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HitWRight104012dHe might be dead.
Also can you just edit other people's owned domains like that?
If the developer owns it, it's shouldn't exactly be possible to change that. And it will be difficult even with a court by your side.
Perhaps you can install a proxy on the old host?
@HitWRight You might be onto something with the dead bit, though I have no idea how to begin looking into that right now.
As for the domain records, when he moved everything he pointed the domain to his hosting service's nameservers, so without him logging in there's no editing the zone files there.
The customer owns the domain registration, but in order to not lose their Gmail setup for the domain I'm not sure if simply copying the files will be enough or if we're going to have to go through the authentication process again. Customer doesn't appear to know who is the admin account with Google for those purposes, which has me slightly concerned it might once again be that same dev who's gone missing.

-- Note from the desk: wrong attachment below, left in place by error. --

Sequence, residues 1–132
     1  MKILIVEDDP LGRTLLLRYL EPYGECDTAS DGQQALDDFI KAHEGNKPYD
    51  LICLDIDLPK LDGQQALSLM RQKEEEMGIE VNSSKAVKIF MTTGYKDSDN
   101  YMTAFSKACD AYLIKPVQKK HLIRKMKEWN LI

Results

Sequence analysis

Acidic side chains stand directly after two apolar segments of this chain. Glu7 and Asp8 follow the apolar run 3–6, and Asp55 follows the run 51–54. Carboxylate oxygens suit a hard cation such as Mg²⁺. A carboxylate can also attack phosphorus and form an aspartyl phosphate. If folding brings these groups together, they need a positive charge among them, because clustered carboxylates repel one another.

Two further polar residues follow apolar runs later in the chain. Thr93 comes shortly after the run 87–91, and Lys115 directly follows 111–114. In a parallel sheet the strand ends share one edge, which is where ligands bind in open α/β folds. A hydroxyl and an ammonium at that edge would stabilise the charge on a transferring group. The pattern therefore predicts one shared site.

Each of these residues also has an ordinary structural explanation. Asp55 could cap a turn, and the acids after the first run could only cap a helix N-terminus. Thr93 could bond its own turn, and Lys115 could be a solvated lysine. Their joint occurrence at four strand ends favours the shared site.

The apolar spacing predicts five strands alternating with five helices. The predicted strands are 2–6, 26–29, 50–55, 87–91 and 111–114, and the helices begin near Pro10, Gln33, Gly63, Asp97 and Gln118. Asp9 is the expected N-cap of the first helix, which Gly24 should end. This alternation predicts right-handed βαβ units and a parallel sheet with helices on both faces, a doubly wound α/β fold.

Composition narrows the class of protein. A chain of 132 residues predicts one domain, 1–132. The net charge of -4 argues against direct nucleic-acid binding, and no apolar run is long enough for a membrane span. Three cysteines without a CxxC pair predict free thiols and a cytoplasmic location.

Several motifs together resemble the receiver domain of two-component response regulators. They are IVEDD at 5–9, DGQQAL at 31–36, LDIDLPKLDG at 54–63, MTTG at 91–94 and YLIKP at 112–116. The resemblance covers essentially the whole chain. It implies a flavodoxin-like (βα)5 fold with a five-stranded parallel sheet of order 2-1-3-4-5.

@ScriptCoded Any interaction with the old host is sadly a no-go. I spoke with them to try and see if I could have their technical team upload a file to allow us to use a service to transfer the data out of the store and got a hard no—even if we could verify ownership of the domain and associated business.
helloworld930012dIf your client owns the domain you can legally have them change the registrar. Therefore you can change the name servers. The google mail account forget it. Set them something else up, consult with their internal iT to sort this maybe office 365 seems to be what lazy IT people use these days. Get control of the domain is key and it’s not that difficult.